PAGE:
The purpose of this submission is to report on the outcome of the long-awaited Constitutional Court judgment in what has been a lengthy litigation between Assign Services (Pty) Ltd and NUMSA, relating to interpretation of the “deeming provision” in section 198A(3) of the Labour Relations Act (LRA).


Members will recall that a dispute arose between Assign Services and NUMSA in 2015 regarding the interpretation and effect of section 198A(3)(b) of the LRA. Assign Services was of the view that the consequences of the deeming provision were that the placed workers remained their employees for all purposes, but were also deemed to be the client’s employees for purposes of the LRA. Assign Services termed this the “dual employer” interpretation of section 198A(3)(b).

NUMSA, on the other hand, disagreed and contended that the client became the only employer of the placed workers when section 198A(3)(b) was triggered. NUMSA termed this the “sole employer” interpretation.

The Labour Court held that the rights of the employees are best protected by the dual employer interpretation. NUMSA applied for leave to appeal the judgment of the Labour Court. The Labour Appel Court granted NUMSA leave to appeal directly to it.

The Labour Appeal Court held that the sole employer interpretation best protected the rights of placed employees and promoted the purpose and objects of the LRA and the 2014 Amendments. It considered the definition of “temporary service” in section 198A(1) and held that only persons performing a temporary service should be employed by a labour broker. A placed employee who has worked for a period in excess of three months is no longer performing a temporary service and the client becomes the sole employer by virtue of section 198A(3)(b).

Assign Services applied for leave to appeal to the Constitutional Court. It contended that the Labour Appeal Court’s decision was “tantamount to a ban on labour broking” and noted the serious implications of this for the whole of the South African labour market. Assign Services further contended that the Labour Appeal Court did not properly consider the language of the deeming provision and focused on the purpose of the provision, to the exclusion of other necessary considerations. It submitted that that the word “deemed” is inherently ambiguous and argued that it must be considered in its statutory context.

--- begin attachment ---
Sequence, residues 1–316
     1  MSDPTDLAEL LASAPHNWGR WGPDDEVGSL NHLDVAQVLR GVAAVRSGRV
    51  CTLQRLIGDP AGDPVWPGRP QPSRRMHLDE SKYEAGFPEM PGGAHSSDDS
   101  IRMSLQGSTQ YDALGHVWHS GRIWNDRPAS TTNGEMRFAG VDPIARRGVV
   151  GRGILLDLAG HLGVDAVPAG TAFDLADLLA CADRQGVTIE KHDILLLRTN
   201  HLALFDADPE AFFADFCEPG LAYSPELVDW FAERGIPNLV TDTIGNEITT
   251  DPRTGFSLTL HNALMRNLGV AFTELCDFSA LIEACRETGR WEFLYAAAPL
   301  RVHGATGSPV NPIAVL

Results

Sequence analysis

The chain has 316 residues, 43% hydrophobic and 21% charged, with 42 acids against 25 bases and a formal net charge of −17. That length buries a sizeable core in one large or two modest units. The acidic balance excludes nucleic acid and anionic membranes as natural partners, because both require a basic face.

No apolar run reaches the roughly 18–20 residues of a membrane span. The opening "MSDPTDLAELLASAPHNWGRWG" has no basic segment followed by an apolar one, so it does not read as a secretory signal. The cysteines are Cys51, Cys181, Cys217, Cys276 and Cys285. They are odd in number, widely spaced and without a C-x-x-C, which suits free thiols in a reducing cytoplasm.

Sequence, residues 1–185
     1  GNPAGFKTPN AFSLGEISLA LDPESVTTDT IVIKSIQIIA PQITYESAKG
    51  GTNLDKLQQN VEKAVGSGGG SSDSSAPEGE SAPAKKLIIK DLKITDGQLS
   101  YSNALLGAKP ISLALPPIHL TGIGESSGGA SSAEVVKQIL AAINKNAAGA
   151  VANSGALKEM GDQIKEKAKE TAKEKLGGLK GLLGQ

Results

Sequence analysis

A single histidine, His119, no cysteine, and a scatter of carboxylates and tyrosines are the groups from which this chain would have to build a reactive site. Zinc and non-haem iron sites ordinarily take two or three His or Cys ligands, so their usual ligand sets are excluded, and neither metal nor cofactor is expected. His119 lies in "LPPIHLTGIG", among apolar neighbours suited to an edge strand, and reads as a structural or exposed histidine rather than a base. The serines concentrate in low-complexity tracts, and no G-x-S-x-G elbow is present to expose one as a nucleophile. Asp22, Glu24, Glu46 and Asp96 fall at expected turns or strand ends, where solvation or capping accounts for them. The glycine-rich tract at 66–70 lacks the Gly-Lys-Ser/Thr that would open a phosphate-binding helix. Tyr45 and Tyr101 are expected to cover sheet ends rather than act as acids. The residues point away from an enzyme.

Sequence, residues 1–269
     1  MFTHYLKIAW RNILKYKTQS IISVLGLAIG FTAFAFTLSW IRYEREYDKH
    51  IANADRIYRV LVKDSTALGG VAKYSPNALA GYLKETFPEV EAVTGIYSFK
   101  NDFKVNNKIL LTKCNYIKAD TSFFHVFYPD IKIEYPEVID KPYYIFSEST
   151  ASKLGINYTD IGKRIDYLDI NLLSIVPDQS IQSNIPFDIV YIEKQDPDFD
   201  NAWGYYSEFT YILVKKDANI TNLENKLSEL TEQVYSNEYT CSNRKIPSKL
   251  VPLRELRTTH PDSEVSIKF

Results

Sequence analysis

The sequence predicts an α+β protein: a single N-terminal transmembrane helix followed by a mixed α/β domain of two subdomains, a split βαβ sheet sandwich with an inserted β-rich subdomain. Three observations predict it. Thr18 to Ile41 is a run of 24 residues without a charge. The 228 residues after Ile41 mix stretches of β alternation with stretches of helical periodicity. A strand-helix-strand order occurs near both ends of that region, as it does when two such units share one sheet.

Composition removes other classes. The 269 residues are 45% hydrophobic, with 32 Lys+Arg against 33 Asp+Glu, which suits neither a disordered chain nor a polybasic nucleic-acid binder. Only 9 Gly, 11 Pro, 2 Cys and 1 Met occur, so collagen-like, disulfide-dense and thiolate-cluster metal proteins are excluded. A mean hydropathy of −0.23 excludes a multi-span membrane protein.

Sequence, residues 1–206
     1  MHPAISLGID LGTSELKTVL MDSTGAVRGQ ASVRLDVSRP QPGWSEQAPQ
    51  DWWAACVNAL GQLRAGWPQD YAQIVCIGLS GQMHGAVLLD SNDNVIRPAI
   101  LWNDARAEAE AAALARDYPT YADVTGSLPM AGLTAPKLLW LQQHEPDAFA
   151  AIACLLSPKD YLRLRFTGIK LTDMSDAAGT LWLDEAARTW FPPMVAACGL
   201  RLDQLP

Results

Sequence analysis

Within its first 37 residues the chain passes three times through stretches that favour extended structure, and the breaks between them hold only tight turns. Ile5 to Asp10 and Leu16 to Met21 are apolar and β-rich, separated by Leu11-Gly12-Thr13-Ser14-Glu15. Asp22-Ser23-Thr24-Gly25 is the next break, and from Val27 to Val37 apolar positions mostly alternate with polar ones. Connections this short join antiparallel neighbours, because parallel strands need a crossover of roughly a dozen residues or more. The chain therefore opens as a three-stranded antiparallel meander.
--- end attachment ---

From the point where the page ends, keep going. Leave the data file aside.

NUMSA persisted that sections 198 and 198A create two separate deeming provisions that cannot operate simultaneously. It submitted that this interpretation did not ban labour brokers, but regulated them in respect of only lower-paid employees placed in employment for more than three months. It contended that the deeming provision only altered the contract between the placed worker and the labour broker, but does not affect the contract between the labour broker and the client. The labour broker may continue to perform services relating to the employee to the extent that they do not purport that they employ them.


The Constitutional Court heard the matter on 22 February 2018 and handed down judgment this morning (Thursday, 26 July 2018).

The Constitutional Court held that the purpose of section 198A must be contexualised within the right to fair labour practices in section 23 of the Constitution and the purpose of the LRA as a whole. The majority found that, on an interpretation of section 198(2) and 198A(3)(b), for the first three months the labour broker is the employer, and then subsequent to that time lapse the client becomes the sole employer. The majority found that the language used by the legislature in section 198A(3)(b) of the LRA is plain and that when the language is interpreted in the context, it supports the sole employer interpretation.

In the result, the Constitutional Court granted leave to appeal, but dismissed the appeal with costs.


It is recommended that the SEIFSA Council notes the report on the Constitutional Court judgment in the above matter, which is of relevance to the SEIFSA Council, Associations and Member Companies.